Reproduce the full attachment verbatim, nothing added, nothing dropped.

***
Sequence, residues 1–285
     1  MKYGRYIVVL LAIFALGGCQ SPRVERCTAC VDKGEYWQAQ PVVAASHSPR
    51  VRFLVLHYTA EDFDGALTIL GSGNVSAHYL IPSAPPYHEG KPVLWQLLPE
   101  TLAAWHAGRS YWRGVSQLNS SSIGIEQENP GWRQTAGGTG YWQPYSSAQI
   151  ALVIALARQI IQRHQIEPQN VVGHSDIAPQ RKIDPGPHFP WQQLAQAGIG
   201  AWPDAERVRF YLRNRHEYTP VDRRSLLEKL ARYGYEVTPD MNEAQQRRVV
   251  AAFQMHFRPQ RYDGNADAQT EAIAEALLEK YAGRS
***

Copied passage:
Sequence, residues 1–285
     1  MKYGRYIVVL LAIFALGGCQ SPRVERCTAC VDKGEYWQAQ PVVAASHSPR
    51  VRFLVLHYTA EDFDGALTIL GSGNVSAHYL IPSAPPYHEG KPVLWQLLPE
   101  TLAAWHAGRS YWRGVSQLNS SSIGIEQENP GWRQTAGGTG YWQPYSSAQI
   151  ALVIALARQI IQRHQIEPQN VVGHSDIAPQ RKIDPGPHFP WQQLAQAGIG
   201  AWPDAERVRF YLRNRHEYTP VDRRSLLEKL ARYGYEVTPD MNEAQQRRVV
   251  AAFQMHFRPQ RYDGNADAQT EAIAEALLEK YAGRS